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since May 2004

"Iíve Got a What?"

"You have an Ademocarcinoma in the Rectum". These words were spoken to me, by Dr John Freiman, having performed a colonoscopy that afternoon. I had no idea as to the implications surrounding such a diagnosis and inspired the question, "Iíve got a what?" He replied with the dreaded word CANCER and I was struck with sheer terror. This was the last straw I felt. To understand why it was the last straw that broke the pack-horseís back, you will need to know a little of my past history.

On New Years Day 1994, I was admitted to St George Public Hospital suffering Osteo Myalitis at L3 and L4, a condition not recognised by my then GP. In fact I was being treated for Arthritis thus allowing the condition to become chronic. Septicemia and an epidural abscess had developed along with Septic Arthritis of the left knee (was treated as gout!), heart enlargement surrounded by fluid, and by then, a fever and pneumonia.

During the following three weeks in intensive care, drifting in and out of consciousness, bloated with skin cracking, peeling and unable to move because of the intense pain, two large bedsores developed and became Staph infected. Renal failure followed and resulted in dialysis. The left knee was Arthrascoped twice, finally removing the badly infected cartilage and tendons altogether in an attempt to save the leg from amputation, and three clean up surgery procedures of the spine at L3 and L4. Twice during this time my Wife was to bring my family in because I was not expected to live through it.

The Intensive care staff literally saved my life with their around the clock care and attention. I believe too, that I was anything but a co-operative patient. I still regret very much of making their work that much harder. Finally, though still "not with it", I have no memory of being in intensive care, I was transferred to the renal ward where I began my return to the real world. About this time a pulmonary embol appeared in my right upper lung to complicate matters. Then there was a series of transfers around the hospital to various wards, Orthopedic, Cardiac, Chest, Rheumatology and Rehabilitation, with the exception of maternity seemingly every ward the hospital had. Two days before Good Friday of that year, I was allowed home. I was using a wheel chair then because the spinal problems had left me with very little feeling in my legs and foot drop of both feet and walking any more than half a dozen wobbly steps without assistance was out of the question.

In December 1994 Dr Ron Sekel performed a Spinal decompression, a lumbar laminectomy and fusion of L3 and L4 enabling me to leave the wheel chair and progress to crutches which I still use. During the long operation an added complication of lung lobe collapse of the right lower lung made things more difficult. My first of two total knee replacements was performed by Dr Ron Sekel in February 1995; the second being performed the following November. Both of these were wonderfully successful. In between the two TKRís, I had a TIA (Mini stroke) in March 1995 just to balance the year.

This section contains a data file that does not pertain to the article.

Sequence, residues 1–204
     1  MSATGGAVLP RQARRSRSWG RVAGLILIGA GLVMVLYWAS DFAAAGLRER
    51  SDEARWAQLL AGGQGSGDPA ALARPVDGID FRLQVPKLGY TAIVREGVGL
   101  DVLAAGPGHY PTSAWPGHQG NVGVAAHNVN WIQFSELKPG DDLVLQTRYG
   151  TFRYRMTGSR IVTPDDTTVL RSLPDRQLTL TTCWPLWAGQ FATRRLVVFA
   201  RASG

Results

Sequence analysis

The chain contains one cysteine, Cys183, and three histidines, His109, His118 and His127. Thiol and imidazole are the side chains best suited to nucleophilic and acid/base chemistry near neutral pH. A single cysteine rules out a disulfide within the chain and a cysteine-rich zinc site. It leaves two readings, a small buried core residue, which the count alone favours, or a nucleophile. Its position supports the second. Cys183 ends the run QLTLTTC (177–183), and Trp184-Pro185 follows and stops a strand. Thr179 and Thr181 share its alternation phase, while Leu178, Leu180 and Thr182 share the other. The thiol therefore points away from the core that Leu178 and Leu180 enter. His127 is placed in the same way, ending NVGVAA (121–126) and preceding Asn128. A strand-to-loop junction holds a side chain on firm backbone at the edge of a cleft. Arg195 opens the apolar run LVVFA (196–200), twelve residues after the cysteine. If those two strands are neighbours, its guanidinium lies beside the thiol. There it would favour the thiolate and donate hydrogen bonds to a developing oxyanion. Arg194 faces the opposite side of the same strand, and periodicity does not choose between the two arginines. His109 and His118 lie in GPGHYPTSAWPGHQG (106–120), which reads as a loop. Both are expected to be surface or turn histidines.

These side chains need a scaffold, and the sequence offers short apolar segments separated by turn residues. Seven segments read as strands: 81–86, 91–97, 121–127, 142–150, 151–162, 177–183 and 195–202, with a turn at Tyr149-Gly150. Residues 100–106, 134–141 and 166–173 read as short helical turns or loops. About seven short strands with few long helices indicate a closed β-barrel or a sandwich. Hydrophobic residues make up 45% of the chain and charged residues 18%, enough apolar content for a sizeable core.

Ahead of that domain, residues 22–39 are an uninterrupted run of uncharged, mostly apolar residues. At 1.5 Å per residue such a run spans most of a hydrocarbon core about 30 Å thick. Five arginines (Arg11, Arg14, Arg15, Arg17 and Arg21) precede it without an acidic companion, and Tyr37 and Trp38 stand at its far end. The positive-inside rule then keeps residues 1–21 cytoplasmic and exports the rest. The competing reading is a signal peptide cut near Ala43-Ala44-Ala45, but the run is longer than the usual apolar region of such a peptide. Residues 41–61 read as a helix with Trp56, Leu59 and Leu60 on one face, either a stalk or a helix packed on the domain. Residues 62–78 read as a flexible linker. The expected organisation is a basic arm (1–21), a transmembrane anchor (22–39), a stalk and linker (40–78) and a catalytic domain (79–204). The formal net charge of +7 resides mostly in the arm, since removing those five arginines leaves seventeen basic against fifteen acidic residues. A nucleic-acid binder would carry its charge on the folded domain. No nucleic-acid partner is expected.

July 1996 saw my first brush with cancer, a Carcinoma being removed from my right leg leaving a nasty hollow scar.

For some time I had been plagued with very high blood pressure and was the cause of the TIA. Readings like 210 systolic and 115 diastolic. Dr John Kelly arranged a Saline suppression test, angiogram for adrenal vein sampling. The diagnosis was primary Hyperaldosteronism and his subsequent treatment was successful and the blood pressure came under control.

In August 2003, in order to be relatively free of back pain for an overseas holiday trip, Dr Mark Davies arranged a Periradicular block injection at L2 and L3. This worked quite well for a limited time, but enabled me to enjoy a wonderful Alaskan holiday and cruise followed by a trip to Calgary Canada to visit our daughter and her family.

Since this was so successful, Neurosurgeon Dr Mark Davies in April 2003 performed a lumbar laminectomy at L2 and L3, Pedicle screw internal fixation and Interbody fusion using his recently developed minimal invasion keyhole surgery technique. Again the same right lung lobes collapsed and resulted in a couple of days in intensive care. To me, the results of this surgery were euphoric. I was pain free when I walked or sat for the first time in many years. However, while in intensive care, Dr Myburgh was unhappy about a distended abdomen and said then that a colonoscopy should be performed as soon as possible.

A colonoscopy had been ordered by my GP some weeks prior to the Spinal surgery, but I chose to hold off until after the surgery in case my long awaited operation had to be postponed. Symptoms had appeared in the form of mucus beginning some 12 months before, and when the urge to attend the toilet presented itself, I had to get there very quickly or suffer embarrassing consequences. Because of all the spinal problems speed is not one of my better actions. Finally I was seeing a pale watery blood showing and while I wondered about it, Cancer was the farthest thing from my mind. Hah! Hemorrhoids are playing up was my dismissive diagnosis....

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